The patient was managed conservatively with oxygen supplementation and steroid therapy. The general condition improved rapidly following this treatment approach. In subsequent LUS and HRCT, pulmonary edema resolved completely after 4 days. The patient was discharged without any further episodes of dyspnea or hemoptysis after 7 days, and a follow-up chest radiograph acquired after 2 weeks revealed complete resolution of the bilateral infiltrates.


Our report demonstrates the feasibility of using LUS for the early diagnosis of DAH caused by NPPE following tonsillectomy. Although there have been reports on the use of LUS for DAH diagnosis and monitoring procedures in DAH, its application for the early diagnosis of DAH in postoperative patients is not well established. To the best of our knowledge, this is the first report on the use of LUS in postoperative DAH.
The classical clinical presentation of DAH is characterized by progressive dyspnea, hemoptysis, and chest infiltrates that cannot be attributed to other causes [6]. However, it is important to acknowledge that these features are non-specific and may vary. For example, hemoptysis may be absent even in cases of significant pulmonary hemorrhage, resulting in anemia [7]. The diagnosis of DAH requires imaging studies, such as chest radiography, HRCT, or BAL. However, chest radiography findings may lack specificity, and it may not be feasible to immediately use HRCT or BAL in all cases, such as the present case, which had a rapid postoperative onset. Consequently, the diagnosis of DAH remains challenging.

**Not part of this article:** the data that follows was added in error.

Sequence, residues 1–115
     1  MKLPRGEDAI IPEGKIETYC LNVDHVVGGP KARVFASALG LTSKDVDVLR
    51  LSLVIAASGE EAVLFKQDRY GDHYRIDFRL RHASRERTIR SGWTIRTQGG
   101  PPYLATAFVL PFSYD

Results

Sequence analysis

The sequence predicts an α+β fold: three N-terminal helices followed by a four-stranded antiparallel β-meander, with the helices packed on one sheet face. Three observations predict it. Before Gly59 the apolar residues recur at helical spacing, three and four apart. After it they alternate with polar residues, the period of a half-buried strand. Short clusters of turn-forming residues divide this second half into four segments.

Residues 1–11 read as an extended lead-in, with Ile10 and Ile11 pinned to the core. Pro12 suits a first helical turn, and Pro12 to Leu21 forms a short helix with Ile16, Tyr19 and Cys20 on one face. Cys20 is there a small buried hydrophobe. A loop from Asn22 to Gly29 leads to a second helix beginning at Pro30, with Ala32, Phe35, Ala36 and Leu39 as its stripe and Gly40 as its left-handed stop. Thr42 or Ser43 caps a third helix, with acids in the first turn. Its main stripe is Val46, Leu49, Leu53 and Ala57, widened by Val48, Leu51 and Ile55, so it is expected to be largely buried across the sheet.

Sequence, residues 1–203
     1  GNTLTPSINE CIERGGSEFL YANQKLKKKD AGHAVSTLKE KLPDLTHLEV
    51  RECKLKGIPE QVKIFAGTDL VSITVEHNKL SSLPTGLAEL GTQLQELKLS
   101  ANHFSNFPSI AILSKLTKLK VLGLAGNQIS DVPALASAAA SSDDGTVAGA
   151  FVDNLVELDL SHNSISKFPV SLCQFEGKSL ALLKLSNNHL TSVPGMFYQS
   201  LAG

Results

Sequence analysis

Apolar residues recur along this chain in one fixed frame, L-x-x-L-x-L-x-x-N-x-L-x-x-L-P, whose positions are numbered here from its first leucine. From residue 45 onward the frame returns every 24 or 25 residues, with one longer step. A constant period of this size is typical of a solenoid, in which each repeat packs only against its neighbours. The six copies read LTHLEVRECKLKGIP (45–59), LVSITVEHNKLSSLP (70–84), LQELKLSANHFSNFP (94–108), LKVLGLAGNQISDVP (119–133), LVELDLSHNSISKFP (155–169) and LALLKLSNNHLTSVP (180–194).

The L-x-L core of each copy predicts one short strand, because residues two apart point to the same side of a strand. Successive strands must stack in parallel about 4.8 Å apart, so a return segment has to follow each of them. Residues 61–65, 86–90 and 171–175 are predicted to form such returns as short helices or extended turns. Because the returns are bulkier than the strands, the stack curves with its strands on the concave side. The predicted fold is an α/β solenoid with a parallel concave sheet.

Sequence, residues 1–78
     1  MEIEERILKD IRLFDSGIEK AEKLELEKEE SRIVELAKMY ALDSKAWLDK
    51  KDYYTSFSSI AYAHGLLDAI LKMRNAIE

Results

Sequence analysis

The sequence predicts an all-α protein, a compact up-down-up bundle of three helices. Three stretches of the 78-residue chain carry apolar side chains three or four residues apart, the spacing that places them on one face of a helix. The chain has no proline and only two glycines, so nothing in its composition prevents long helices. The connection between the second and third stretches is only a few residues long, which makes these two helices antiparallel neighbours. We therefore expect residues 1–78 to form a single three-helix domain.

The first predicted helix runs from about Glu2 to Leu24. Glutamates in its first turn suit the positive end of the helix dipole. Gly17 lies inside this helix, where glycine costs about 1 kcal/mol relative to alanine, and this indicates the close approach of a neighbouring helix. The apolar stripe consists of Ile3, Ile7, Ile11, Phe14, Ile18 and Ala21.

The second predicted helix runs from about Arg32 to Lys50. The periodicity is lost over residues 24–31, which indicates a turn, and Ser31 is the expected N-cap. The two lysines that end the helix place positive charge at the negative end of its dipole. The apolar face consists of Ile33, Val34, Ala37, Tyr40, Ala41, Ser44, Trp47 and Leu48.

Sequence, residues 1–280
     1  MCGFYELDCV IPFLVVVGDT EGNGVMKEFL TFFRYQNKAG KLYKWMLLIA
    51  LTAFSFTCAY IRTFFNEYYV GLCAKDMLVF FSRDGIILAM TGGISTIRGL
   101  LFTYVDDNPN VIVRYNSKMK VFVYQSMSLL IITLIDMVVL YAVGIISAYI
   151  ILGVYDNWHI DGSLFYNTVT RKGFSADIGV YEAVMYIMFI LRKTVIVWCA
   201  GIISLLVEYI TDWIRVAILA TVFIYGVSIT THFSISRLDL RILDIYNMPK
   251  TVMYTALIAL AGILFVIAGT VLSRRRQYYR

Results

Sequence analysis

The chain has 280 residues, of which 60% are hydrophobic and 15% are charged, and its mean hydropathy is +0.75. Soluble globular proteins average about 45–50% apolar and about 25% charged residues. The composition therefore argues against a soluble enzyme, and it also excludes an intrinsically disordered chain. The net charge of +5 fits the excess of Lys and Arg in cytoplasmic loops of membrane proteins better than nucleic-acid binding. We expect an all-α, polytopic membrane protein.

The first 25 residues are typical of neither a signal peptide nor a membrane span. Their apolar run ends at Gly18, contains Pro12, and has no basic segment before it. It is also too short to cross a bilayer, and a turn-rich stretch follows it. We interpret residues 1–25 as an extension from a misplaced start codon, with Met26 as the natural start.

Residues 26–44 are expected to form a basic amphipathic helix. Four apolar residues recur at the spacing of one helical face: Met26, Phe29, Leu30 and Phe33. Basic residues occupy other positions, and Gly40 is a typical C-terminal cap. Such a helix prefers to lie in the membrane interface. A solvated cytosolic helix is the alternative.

Over the past decade, LUS has undergone significant advancements and offers notable advantages, such as the absence of radiation exposure and bedside accessibility. The BLUE (Bedside Lung Ultrasound in Emergency) protocol, which is fully based on pathophysiology, is a suitable tool for immediate diagnosis of acute respiratory failure, pneumothorax, or pulmonary edema. LUS has been found to have good sensitivity and specificity for detecting these conditions, but the exact values can vary (the sensitivity and specificity of 80-95% and 85-95% for lung edema; 80-95% and 85-95% for ARDS; 80-90% and 80-95% for pneumonia) [5]. Thus, it has emerged as a valuable tool for the management of postoperative complications and respiratory failure in intensive care settings. However, reports on its specific role in the diagnosis or suspicion of NPPE-induced DAH after surgery are limited. In the present case, we identified an increased number of B-lines and homogenous, hypoechoic subpleural consolidations using LUS [8]. According to the general approach of the BLUE protocol, these findings could raise suspicion of pneumonia. However, in the case of this patient, the absence of antecedent pneumonia symptoms, the precipitous onset of dyspnea subsequent to tonsillectomy, and the confluence of risk factors for pulmonary hemorrhage led to a less common but plausible consideration of DAH. This suspicion was further supported by the CT and bronchoscopy findings. Thus, our study emphasizes the importance of comprehensively interpreting the results of LUS in conjunction with the medical history and symptoms.